Co-author of Cherry Blossoms in Twilight, a WWII Japan memoir of her mother's childhood; Co-author/Editor of Battlefield Doc, a medic's memoir of combat duty during the Korean War; life writing enthusiast; loves history and culture (especially Japan), and cats
This entry was posted in book reviews, book talk, memoir writing, WWII and tagged , . Bookmark the permalink.

6 Responses to Breaking the Code: A father-daughter memoir of WWII

  1. Linda says:

    I'm so excited to see your interview with Karen! She and I used to live across the street from one another, and she has written a gripping account.One of her points especially caught my eye: "We have a tendency to think, I’ve got to write that down someday. Someday, I’ll sit down with Grandpa or Auntie and record that story. But the reality is that for many, time runs out. Once your loved one is gone, so are their stories. None of us are promised tomorrow. With the holiday season upon us, make a promise to yourself to slow down and listen. I will too."My blog post of yesterday was about the importance of that, too. It's at http://spiritualmemoirs101.blogspot.com/2011/12/do-you-hear-them.htmlThanks for the good read today!Linda Thomas

  2. Thank you for the nice interview. I'd be happy to answer any questions your readers may have. ~Karen

  3. kathleen says:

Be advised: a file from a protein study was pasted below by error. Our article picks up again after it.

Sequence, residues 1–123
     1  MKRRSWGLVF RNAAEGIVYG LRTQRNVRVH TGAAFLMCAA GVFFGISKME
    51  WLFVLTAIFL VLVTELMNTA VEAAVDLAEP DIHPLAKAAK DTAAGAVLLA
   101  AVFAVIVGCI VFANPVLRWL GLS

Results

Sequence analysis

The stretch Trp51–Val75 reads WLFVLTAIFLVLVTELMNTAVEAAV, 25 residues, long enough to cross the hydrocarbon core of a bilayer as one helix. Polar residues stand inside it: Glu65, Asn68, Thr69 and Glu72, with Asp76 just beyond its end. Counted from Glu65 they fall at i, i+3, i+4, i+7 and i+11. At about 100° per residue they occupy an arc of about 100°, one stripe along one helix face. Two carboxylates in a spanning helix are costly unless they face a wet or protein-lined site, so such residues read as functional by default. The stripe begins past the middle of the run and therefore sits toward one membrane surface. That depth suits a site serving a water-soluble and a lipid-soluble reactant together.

Dear Linda & Karen, This is a wonderful interview!I take special interest as I have also been very fortunate to be the child of a "greatest generation" WWII Navy vet. Although my father died at the age of 88 last November, I had spent a lot ot time asking him questions and listening to his stories. Of course, I wish I had more time with him but what I had was precious. Your book sounds so compelling, Karen and I am looking forward to reading it. There will always be a special place in my heart for the "Greatest Generation" Thank you both!

  4. Linda Austin says:

    I'm glad you thought to ask your dad questions about his service, and what a great bonding experience to chat about that. I think many vets, especially older ones, just figure nobody wants to hear that stuff, and if nobody thinks to ask questions their feelings are justified. It pays to be curious!

  5. Great interview for what appears to be a really compelling read. Congratulations Karen on getting your memoir published and to Linda for sharing the mike.

  6. Oh my! Did I really not get back here to answer and comment? I’m so sorry!

    Kathleen – I’m sorry about your dad. You are so very fortunate, as I know you know, that you had time to ask him questions and have conversations with him. What a precious time.

    Linda – You are so right. I’ve heard several say that now. “Nobody has ever asked me.” And time is indeed running out.

    Grace – Thank you. It’s been quite an adventure.

    Again, thank you all for the comments and so very sorry for the delayed response! ~Karen